War memorial vandals to face tougher sentences as judges and magistrates get new powers
VANDALS caught damaging war memorials and gravestones will face harsher sentences – and possibly jail time – under new powers being handed to magistrates and judges.
The new guidelines are geared at considering the full impact of the crimes on the wider community, as well as their financial cost.
When they come in on October 1, courts will also be asked to consider the impact of public services when important buildings like railway stations and schools are damaged by fire and vandalism.
Strains on the emergency services will also be assessed where resources have to be diverted from other incidents and damage to listed buildings and historic objects could lead to tougher sentences for re-offenders.
The announcement from the Sentencing Council comes after louts daubed the Portsmouth Naval Memorial on Southsea Common with red graffiti last month, just days after commemorations marking the 75th anniversary of D-Day ended.
The Guildhall Square Cenotaph honouring those lost in the First and Second World Wars has also been targeted multiple times.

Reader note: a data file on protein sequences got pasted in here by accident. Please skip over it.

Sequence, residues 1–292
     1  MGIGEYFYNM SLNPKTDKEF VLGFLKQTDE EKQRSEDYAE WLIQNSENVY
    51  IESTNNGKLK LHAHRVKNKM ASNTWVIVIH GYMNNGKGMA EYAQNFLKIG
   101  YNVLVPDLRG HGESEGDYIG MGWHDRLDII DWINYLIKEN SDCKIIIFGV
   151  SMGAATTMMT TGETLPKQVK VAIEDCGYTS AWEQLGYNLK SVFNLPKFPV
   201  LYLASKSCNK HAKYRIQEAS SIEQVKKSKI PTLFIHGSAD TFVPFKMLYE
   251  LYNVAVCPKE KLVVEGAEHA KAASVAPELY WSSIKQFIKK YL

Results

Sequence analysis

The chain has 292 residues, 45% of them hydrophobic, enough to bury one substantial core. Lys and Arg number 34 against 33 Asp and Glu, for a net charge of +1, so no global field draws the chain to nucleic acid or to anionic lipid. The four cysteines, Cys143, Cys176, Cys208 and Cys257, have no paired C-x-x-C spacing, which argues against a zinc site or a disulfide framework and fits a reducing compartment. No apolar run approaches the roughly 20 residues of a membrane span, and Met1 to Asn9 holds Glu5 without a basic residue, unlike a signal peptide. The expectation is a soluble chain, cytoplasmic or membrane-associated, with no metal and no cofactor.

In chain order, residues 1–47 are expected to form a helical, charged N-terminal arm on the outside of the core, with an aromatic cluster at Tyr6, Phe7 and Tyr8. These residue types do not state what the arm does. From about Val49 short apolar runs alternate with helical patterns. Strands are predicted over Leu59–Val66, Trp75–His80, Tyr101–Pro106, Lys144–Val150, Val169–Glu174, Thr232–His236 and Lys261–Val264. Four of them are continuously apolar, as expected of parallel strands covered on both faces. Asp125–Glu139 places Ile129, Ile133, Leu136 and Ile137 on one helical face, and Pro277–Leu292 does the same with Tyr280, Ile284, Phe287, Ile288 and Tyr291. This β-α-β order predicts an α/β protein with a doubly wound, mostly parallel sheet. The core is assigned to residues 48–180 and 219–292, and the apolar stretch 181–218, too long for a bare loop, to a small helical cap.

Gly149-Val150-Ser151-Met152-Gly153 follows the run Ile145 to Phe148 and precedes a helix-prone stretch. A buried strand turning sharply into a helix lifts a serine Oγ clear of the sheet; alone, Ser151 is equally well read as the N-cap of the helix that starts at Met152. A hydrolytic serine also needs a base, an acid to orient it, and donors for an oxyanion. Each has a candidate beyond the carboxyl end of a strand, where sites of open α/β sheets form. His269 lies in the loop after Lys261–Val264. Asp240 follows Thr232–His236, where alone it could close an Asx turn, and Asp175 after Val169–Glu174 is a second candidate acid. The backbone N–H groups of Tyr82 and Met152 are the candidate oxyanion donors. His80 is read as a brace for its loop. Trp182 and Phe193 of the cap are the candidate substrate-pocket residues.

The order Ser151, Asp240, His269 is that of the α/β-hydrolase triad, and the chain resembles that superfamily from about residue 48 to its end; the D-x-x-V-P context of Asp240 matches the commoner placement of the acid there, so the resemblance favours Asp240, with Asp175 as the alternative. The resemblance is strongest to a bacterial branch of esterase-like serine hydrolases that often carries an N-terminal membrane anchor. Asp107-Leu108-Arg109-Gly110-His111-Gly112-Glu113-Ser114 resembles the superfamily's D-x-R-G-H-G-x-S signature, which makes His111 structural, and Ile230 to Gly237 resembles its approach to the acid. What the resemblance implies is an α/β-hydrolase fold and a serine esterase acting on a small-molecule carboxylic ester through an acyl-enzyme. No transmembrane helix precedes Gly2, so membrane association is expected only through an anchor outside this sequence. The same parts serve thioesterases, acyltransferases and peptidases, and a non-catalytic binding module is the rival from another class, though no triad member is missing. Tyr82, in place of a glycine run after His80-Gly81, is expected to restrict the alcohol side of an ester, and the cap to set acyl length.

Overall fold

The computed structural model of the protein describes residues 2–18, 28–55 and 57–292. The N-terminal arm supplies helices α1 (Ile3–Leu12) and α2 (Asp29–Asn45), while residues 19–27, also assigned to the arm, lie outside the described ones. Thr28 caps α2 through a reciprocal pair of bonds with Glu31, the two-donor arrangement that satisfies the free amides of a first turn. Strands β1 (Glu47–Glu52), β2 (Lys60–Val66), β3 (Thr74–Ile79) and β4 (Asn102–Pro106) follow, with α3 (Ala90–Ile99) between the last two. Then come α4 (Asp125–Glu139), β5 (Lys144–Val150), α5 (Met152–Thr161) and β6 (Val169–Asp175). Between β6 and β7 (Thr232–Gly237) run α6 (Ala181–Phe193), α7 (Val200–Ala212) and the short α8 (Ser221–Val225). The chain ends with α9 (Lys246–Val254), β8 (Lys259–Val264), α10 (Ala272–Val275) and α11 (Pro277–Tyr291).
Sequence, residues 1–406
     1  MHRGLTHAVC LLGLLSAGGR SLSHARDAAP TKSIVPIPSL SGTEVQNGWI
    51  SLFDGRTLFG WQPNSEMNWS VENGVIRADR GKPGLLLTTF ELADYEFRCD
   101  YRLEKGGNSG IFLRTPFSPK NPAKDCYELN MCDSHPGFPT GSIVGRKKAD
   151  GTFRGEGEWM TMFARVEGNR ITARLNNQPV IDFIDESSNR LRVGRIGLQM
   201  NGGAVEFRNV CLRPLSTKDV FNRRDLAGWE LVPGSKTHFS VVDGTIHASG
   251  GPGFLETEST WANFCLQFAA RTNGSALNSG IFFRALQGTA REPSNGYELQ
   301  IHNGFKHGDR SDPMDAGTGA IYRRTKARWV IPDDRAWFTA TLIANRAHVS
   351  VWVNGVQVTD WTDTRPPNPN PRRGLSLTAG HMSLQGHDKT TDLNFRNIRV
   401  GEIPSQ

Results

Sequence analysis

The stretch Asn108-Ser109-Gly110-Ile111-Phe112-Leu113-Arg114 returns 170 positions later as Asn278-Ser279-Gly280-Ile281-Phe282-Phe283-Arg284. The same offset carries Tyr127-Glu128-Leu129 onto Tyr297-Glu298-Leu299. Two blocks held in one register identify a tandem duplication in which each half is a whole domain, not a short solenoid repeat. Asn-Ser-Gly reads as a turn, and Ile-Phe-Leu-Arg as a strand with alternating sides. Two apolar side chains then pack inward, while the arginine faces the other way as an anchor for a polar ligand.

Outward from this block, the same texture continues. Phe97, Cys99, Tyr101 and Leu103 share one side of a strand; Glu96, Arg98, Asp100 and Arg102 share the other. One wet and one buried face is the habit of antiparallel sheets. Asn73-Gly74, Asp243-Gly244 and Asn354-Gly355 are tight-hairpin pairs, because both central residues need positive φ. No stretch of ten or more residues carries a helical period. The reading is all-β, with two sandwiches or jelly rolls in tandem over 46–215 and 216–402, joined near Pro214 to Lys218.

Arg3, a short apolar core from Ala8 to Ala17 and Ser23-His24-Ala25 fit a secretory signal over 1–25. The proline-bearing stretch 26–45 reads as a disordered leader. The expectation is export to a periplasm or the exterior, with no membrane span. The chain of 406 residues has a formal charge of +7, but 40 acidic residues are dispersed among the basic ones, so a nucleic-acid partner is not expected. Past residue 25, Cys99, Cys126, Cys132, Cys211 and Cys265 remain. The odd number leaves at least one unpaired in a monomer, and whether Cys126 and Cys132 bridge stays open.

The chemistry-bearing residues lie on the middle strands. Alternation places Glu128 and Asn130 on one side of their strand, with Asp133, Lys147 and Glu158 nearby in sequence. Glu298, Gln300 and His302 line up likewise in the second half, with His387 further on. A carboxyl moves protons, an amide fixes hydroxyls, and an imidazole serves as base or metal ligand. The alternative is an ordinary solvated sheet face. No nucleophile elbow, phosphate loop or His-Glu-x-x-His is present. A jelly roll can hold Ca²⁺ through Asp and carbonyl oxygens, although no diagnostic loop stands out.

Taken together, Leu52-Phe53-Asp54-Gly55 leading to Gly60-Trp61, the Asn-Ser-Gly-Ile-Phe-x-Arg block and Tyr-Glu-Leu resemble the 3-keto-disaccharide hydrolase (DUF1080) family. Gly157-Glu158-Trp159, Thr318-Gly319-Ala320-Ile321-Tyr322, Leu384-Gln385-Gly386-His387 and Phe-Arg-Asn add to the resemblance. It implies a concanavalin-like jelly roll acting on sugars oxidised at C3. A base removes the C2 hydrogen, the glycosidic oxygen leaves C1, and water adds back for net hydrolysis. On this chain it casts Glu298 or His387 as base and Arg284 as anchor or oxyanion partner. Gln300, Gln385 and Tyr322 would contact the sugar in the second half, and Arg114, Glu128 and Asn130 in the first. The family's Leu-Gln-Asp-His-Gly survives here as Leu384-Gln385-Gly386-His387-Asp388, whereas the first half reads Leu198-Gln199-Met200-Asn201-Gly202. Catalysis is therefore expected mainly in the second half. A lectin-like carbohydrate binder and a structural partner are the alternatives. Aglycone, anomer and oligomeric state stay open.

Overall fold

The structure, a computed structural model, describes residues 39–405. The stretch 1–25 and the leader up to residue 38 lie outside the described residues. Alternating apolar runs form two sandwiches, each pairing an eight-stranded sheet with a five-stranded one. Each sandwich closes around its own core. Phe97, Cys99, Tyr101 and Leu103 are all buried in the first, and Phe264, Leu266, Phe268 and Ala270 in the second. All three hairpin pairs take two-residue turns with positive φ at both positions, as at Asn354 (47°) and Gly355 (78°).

Welcoming the new guidelines Mark Harrison, head of heritage crime strategy for Historic England, said: ‘Damage to our heritage comes in many forms.
‘Whether it be graffiti painted on the walls of a historic church, vandalism to the stonework of an ancient castle or causing a fire that devastates a Medieval barn or Victorian pier; these offences have a detrimental impact on both the historic property or site and the local community in which it is located.
‘The new guidelines will help the courts identify all the relevant factors to include in their sentencing decisions as they will now be able to consider ‘threats to cause criminal damage’, ‘the act of damage’ and ‘damage by fire’.’
The new guidelines cover the following offences:
- Arson – criminal damage by fire
- Criminal damage / arson with intent to endanger life or being reckless as to whether life endangered
- Criminal damage where the damage has a value exceeding £5000
- Criminal damage where the damage has a value not exceeding £5000
- Racially or religiously aggravated criminal damage
- Threats to destroy or damage property